• First Arab-Israeli War

    This first war would act as the start of a snowball effect.
  • UN established Resolution 194

    UN established Resolution 194
    This speaks to the Palestine refugees, of a religions that were displaced after the war
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    The Armistice Agreements

    The agreement was a postwar understanding between Egypt, Lebanon, Jordan, Syria and of course Israel and Palestine, of the territorial status quo, signed by all. This is also where the Green Line, became a boarder rather than a ceasefire line.
  • The 6 Day War

    The 6 Day War
    A short lived battle, with a very obvious winner in Israel. The UN talked through a ceasefire. During this invasion Israel took large portions of land.
  • UN Resolution 242

    UN Resolution 242
    The United Nation spoke to Israel to say it, must relinquish the territory it had gained during the 6 Day war.
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    The of Attrition with Egypt

    Small battles as an aftermath of the 6 day war. Who would keep what? However the fight fueled the other social discontentments.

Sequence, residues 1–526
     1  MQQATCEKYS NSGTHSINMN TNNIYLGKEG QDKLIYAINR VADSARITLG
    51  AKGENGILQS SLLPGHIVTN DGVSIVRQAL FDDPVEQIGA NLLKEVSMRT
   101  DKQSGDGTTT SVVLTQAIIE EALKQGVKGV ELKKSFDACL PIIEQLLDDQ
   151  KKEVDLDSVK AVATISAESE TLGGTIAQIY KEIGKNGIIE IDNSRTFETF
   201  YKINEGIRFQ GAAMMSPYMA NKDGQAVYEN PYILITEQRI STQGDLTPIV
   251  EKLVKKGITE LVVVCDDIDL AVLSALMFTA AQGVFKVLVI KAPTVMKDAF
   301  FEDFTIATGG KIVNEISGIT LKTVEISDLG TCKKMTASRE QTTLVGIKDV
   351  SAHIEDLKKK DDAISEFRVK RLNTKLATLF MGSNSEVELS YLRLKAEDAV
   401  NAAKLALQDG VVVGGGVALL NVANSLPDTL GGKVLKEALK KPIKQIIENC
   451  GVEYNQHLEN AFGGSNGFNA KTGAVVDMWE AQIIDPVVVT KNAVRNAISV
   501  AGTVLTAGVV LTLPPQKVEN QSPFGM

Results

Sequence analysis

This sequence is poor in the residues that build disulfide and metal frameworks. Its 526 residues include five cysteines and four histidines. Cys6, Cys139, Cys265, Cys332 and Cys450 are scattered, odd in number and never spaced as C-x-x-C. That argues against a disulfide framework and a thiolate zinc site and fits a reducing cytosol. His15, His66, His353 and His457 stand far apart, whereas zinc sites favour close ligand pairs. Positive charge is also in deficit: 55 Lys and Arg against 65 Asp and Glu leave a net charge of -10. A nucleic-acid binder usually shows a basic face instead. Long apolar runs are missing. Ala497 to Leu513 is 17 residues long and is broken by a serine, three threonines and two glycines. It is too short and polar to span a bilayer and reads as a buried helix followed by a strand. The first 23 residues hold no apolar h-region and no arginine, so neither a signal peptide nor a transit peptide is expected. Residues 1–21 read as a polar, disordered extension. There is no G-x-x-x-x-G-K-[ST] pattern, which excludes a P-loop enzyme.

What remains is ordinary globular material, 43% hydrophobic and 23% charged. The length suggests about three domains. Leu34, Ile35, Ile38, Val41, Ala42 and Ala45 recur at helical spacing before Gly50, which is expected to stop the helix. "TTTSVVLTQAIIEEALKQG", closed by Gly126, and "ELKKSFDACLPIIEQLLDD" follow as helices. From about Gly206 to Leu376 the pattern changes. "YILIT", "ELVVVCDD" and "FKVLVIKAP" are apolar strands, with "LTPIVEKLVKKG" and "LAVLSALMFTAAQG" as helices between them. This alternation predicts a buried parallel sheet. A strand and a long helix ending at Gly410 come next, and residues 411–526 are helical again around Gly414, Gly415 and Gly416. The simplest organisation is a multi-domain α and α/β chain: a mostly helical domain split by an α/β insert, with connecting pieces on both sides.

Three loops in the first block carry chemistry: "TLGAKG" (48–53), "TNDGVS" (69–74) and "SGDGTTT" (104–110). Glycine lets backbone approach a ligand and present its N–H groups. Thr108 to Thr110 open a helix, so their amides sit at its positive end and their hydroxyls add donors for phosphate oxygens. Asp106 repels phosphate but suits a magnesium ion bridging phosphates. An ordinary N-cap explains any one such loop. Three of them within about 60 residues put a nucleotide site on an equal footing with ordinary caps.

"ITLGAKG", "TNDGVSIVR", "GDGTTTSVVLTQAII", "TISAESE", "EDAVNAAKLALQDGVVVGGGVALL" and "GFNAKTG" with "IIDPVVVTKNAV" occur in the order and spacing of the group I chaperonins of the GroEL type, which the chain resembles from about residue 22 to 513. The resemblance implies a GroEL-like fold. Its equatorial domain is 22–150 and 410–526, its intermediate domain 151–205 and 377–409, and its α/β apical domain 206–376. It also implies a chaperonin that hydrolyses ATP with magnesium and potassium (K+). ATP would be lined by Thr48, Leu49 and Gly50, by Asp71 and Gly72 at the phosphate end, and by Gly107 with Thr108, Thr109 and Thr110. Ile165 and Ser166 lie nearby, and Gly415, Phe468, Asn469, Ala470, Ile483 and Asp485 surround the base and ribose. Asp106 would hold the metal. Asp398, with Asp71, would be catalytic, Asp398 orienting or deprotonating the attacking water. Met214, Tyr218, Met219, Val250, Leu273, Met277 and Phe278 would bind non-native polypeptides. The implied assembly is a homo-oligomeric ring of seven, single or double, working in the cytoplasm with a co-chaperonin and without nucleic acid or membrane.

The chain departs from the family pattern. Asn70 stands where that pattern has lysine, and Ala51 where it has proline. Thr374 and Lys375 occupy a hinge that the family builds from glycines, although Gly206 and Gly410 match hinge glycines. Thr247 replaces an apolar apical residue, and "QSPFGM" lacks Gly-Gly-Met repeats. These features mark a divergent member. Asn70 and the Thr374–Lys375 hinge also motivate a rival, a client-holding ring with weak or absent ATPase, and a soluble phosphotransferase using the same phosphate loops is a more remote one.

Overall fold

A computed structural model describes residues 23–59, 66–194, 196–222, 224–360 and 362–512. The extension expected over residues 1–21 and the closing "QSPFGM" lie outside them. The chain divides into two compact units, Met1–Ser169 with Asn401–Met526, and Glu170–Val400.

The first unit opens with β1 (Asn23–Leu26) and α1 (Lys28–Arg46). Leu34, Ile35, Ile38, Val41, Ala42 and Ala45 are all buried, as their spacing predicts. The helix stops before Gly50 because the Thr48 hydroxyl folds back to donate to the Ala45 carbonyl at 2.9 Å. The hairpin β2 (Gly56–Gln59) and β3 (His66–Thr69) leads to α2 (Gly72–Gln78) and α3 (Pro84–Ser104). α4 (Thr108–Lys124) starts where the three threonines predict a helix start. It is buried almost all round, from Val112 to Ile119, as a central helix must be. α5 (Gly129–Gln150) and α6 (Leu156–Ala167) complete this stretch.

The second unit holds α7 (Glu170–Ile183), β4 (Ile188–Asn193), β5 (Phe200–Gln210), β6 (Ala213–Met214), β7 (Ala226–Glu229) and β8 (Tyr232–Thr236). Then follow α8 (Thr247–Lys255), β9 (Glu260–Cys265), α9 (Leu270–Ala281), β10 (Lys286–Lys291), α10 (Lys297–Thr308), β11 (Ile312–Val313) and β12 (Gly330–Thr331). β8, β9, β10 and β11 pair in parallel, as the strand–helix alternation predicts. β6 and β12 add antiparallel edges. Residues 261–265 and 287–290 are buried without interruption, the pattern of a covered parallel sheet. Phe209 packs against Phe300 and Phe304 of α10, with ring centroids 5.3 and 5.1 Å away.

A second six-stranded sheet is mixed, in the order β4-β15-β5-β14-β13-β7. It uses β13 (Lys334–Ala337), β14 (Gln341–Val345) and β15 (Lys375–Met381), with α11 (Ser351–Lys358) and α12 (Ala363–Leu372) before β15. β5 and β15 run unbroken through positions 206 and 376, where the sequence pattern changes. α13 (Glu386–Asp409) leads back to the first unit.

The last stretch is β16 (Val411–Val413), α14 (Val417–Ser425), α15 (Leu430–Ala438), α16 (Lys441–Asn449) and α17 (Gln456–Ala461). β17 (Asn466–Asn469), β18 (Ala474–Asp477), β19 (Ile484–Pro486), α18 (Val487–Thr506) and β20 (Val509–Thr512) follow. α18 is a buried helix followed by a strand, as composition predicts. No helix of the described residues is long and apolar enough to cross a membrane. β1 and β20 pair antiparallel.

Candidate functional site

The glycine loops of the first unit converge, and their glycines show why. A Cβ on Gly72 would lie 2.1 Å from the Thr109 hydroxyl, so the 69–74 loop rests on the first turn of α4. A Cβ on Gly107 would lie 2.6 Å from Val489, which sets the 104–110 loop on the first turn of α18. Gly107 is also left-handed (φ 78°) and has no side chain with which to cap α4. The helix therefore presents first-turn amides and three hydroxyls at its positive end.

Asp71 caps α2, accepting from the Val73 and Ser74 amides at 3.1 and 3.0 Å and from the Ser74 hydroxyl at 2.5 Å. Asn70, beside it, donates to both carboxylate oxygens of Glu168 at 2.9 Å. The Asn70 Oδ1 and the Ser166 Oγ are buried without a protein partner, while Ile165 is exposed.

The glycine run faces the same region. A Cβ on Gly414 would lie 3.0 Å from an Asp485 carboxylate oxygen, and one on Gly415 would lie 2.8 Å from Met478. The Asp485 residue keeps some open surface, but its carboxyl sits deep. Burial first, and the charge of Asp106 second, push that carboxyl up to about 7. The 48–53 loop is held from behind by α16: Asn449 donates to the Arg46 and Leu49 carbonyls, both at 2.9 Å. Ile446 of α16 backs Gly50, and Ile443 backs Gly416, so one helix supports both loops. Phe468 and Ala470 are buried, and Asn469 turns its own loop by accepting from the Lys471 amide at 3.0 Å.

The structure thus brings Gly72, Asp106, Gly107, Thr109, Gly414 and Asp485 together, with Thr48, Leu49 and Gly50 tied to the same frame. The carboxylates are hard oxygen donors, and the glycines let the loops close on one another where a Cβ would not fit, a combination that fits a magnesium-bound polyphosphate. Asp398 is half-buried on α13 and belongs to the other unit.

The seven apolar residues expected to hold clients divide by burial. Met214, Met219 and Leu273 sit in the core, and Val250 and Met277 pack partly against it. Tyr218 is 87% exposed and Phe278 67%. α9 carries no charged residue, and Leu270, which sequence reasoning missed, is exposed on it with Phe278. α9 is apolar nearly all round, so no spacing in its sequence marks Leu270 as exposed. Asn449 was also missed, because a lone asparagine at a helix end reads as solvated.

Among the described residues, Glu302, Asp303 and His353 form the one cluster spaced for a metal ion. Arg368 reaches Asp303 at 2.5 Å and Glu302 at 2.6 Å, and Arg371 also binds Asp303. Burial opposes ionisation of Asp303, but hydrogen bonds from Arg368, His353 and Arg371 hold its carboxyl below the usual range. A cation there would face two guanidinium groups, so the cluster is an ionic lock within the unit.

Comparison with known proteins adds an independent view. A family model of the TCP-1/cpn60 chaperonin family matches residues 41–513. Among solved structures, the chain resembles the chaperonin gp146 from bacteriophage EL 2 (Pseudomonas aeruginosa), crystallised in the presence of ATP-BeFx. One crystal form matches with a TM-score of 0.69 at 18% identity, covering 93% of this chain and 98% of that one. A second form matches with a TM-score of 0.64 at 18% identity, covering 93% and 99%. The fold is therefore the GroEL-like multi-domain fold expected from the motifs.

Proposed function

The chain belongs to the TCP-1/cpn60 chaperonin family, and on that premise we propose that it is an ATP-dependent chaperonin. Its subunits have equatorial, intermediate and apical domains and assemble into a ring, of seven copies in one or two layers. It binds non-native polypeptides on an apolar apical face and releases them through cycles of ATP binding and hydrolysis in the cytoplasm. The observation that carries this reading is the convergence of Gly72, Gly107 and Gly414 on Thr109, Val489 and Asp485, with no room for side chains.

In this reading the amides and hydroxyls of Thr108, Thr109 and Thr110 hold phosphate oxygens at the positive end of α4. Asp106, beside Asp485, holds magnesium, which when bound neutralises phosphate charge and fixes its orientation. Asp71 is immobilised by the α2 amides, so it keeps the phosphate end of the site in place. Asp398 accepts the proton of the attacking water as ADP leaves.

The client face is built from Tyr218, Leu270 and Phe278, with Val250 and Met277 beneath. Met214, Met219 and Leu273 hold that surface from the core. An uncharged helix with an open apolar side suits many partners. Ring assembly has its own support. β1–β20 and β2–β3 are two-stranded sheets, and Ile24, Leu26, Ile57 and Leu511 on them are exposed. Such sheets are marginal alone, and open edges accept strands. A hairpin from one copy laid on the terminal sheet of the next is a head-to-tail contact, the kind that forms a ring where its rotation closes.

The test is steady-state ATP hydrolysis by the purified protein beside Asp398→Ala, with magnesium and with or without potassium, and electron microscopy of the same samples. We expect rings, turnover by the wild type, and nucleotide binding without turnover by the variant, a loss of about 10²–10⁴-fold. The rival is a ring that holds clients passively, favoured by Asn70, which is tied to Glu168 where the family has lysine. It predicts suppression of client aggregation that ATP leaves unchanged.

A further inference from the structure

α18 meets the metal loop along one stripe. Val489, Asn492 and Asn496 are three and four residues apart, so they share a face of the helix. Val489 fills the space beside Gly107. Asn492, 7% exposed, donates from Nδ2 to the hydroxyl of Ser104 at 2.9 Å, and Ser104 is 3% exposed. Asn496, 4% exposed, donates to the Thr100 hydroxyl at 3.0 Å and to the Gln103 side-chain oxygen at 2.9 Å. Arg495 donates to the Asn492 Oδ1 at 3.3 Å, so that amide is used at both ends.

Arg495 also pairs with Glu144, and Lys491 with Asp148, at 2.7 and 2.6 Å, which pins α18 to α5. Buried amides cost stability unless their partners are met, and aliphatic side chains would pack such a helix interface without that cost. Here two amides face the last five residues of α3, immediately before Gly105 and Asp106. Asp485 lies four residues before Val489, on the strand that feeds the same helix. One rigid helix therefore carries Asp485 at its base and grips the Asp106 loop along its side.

• More hostility with the Black September

    The kidnapping and assassination of the members of the Israeli Olympic team, by a Palestinian terrorist organization. Of course retaliation from Israel, came in small attacks.
  • War of 1973 or "Yom Kippur War"

    War of 1973 or "Yom Kippur War"
    This war was in many ways, the continuation of War of Attrition. And like a the current hostilities, fueled by the last violent act, only to fuel the next.
  • UN Passes Resolution Calling Zionism a Form of Racism

    UN Passes Resolution Calling Zionism a Form of Racism
  • Israel and Egypt reach peace agreement

    The Camp David Accords, signed by Egyptian President Anwar El Sadat and Israeli Prime Minister Menachem, followed twelve days of secret negotiations at Camp David. The two framework agreements were signed at the White House, and were witnessed by United States President Jimmy Carter.